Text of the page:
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Awareness, control, early diagnosis and monitoring of sickle cell disease in the Binza Maternity Hospital, Kinshasa (DR Congo)

This project is aimed at the control, awareness and monitoring of sickle cell disease in the Binza Maternity Hospital, Kinshasa (Democratic Republic of the Congo). This initiative aims to reduce infant mortality and morbidity in the country through the early diagnosis of 80% of children from 0 to 5 years of Maternity and the provision of medical care to 80% of patients with the disease.


  • Sociodemographic data:

The project takes place in the Binza maternity hospital, the second most important maternity hospital in Kinshasa, with more than 400 births per month; 1200 women followed in prenatal consultations and about 500 children followed in Maternal and Child Protection (PMI).

  • Socio-political and health situation.

The socio-political situation in the DR Congo has calmed down since the end of January 2019 although there is no progress in the various health problems that affect the entire country.Regarding sickle cell disease, the prevalence rate of sickle cell disease in the newborn varies between regions and neighborhoods between 20-30% for the AS factor (heterozygous) and between 1-2% in the homozygous form. Every year approximately 50,000 newborns suffer the disease in the homozygous way and 50-75% of sickle cell patients die with less than 5 years due to lack of appropriate medical care: lack of control, examination and follow-up and low-skilled personnel to treat the disease (in most of the detected cases, the parents are civil servants, school teachers, ... professions that are among the worst paid). Sickle cell disease remains an unsolved public health problem.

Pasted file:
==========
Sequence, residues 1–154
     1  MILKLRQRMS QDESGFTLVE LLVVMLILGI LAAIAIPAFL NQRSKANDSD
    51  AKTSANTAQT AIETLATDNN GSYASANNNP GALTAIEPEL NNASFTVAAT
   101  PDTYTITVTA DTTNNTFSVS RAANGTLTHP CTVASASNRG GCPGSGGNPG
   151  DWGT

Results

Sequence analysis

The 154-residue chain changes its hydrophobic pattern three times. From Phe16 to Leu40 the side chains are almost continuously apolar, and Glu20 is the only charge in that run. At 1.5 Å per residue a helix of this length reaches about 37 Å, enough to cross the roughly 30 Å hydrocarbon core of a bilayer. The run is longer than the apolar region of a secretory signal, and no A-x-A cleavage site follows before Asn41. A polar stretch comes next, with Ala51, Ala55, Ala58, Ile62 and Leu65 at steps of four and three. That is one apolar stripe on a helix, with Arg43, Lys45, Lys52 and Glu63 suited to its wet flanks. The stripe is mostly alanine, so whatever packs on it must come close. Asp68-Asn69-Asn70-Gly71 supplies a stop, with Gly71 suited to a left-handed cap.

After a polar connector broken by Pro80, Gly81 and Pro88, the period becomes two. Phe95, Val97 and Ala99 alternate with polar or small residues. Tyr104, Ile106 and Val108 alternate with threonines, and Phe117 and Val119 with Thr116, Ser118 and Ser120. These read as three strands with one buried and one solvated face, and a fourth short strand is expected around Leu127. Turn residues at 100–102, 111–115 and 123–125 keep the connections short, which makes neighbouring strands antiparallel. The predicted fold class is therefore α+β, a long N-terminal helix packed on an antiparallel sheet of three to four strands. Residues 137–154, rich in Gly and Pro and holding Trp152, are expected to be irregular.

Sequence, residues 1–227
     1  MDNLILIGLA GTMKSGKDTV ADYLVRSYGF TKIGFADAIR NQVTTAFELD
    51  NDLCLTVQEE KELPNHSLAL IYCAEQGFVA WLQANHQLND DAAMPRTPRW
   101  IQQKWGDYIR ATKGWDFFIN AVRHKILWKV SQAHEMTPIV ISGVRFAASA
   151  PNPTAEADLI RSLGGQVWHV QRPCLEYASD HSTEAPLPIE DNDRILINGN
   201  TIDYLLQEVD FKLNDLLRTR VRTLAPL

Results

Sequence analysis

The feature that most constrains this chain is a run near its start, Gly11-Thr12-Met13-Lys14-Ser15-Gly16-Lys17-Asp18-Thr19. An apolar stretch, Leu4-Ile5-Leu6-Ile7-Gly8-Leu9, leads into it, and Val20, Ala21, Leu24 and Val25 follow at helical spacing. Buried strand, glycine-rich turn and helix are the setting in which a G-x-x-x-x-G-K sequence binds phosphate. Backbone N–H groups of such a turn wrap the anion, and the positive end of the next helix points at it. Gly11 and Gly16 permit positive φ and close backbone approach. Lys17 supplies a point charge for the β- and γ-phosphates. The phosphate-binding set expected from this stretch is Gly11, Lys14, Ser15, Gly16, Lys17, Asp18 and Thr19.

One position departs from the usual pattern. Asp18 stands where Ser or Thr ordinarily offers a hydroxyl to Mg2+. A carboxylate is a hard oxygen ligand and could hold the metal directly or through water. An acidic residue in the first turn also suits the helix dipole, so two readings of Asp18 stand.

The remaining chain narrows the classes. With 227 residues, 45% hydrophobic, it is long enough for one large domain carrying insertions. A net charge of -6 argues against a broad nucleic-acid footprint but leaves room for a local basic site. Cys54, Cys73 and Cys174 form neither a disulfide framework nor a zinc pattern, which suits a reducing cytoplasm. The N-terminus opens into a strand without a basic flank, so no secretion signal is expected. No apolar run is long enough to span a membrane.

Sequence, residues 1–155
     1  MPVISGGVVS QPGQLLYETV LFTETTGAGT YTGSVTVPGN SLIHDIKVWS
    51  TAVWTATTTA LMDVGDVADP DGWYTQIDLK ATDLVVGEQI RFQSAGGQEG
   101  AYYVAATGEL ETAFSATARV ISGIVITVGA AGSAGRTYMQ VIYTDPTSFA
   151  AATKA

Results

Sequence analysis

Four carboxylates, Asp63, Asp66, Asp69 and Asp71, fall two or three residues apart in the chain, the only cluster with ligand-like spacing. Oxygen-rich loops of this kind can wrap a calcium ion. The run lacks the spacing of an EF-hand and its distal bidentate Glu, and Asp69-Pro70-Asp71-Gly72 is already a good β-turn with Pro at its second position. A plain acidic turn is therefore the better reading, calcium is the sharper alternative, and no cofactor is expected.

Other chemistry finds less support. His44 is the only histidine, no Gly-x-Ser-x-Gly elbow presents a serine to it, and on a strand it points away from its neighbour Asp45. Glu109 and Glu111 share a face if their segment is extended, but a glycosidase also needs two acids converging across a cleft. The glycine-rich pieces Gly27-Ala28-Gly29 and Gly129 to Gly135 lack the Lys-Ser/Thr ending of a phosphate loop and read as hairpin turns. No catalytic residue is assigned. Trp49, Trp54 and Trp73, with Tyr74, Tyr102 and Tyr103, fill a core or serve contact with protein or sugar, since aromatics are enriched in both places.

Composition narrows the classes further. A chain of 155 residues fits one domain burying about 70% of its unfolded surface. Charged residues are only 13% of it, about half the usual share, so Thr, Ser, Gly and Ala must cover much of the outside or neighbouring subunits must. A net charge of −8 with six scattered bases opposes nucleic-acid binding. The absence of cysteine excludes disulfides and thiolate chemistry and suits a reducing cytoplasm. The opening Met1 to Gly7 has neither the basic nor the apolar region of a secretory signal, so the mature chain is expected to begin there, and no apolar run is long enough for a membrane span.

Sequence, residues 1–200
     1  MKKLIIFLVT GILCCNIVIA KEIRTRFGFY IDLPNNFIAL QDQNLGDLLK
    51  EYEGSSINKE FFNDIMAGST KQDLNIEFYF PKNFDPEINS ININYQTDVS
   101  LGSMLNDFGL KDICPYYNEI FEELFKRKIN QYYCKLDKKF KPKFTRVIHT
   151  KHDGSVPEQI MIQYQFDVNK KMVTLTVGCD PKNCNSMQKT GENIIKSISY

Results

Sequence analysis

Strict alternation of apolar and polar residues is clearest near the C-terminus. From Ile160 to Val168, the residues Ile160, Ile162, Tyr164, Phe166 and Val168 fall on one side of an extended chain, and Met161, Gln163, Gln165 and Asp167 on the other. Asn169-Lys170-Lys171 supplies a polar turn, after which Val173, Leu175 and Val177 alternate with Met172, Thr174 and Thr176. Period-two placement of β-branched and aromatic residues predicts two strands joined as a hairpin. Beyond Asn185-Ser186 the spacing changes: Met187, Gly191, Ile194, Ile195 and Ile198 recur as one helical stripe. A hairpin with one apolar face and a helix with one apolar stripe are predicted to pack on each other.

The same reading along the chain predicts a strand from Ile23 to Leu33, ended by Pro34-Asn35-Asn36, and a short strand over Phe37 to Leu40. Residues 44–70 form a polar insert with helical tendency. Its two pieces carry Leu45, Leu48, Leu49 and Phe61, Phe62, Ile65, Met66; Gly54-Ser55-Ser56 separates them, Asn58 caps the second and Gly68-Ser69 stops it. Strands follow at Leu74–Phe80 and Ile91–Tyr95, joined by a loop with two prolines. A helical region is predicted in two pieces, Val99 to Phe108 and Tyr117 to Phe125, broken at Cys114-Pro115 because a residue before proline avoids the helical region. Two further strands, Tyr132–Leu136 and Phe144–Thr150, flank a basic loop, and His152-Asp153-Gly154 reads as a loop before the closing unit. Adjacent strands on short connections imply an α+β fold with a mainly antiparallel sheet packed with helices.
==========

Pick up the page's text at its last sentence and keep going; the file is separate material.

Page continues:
Overall objective:

Reduce child mortality and morbidity in the Democratic Republic of the Congo

Specific objectives:

- Make an early diagnosis of 80% of newborns and children from 0 to 5 years old in the Binza maternity hospital.

- Assume the medical care of 80% of patients with sickle cell disease detected in the framework of the project.

Expected results:

Outcome 1. Sickle cell disease is correctly diagnosed and patients are assisted from birth, as well as children from 0 to 5 years of age followed up in pre-school consultations (CPS).

Verifiable indicators of the 1st result:

- 2 analysis laboratories are reinforced in equipment and competent personnel (CEFA / Monkole and Binza Maternity).

- 2,500 children tested and 200 have been identified as new sickle cell patients.

- Penetration rate of early diagnosis of newborns of the order of 80% in maternity and BINZA CPS.

- 15 professionals (nurses, midwives and laboratory technicians) are trained in the techniques of early diagnosis and the use of the rapid diagnostic test for sickle cell disease.

Outcome 2. Boys and girls identified as sickle cell patients benefit from quality medical care.

Verifiable indicators of the 2nd result:

- 90% of patients detected under the project have benefited from comprehensive medical care.

- 80% reduction in pain crises and other patients followed up within the project.

- 90% of patients followed up under the project have reached one year of age.

- 200 patients have benefited from medical attention (regular consultations, administration of penicillin V, folic acid, pain relievers, hydroxyurea, specific vaccines, etc.



Direct beneficiaries:

5,200, of which 2,500 are women and 2,700 children under the age of 15.The project will directly benefit mothers and their affected children:

• About 200 sickle cell patients will be followed regularly.

• Around 2,500 mothers directly sensitized.

• 2,500 newborns (and children from 0 to 5 years old) will be diagnosed early free of charge.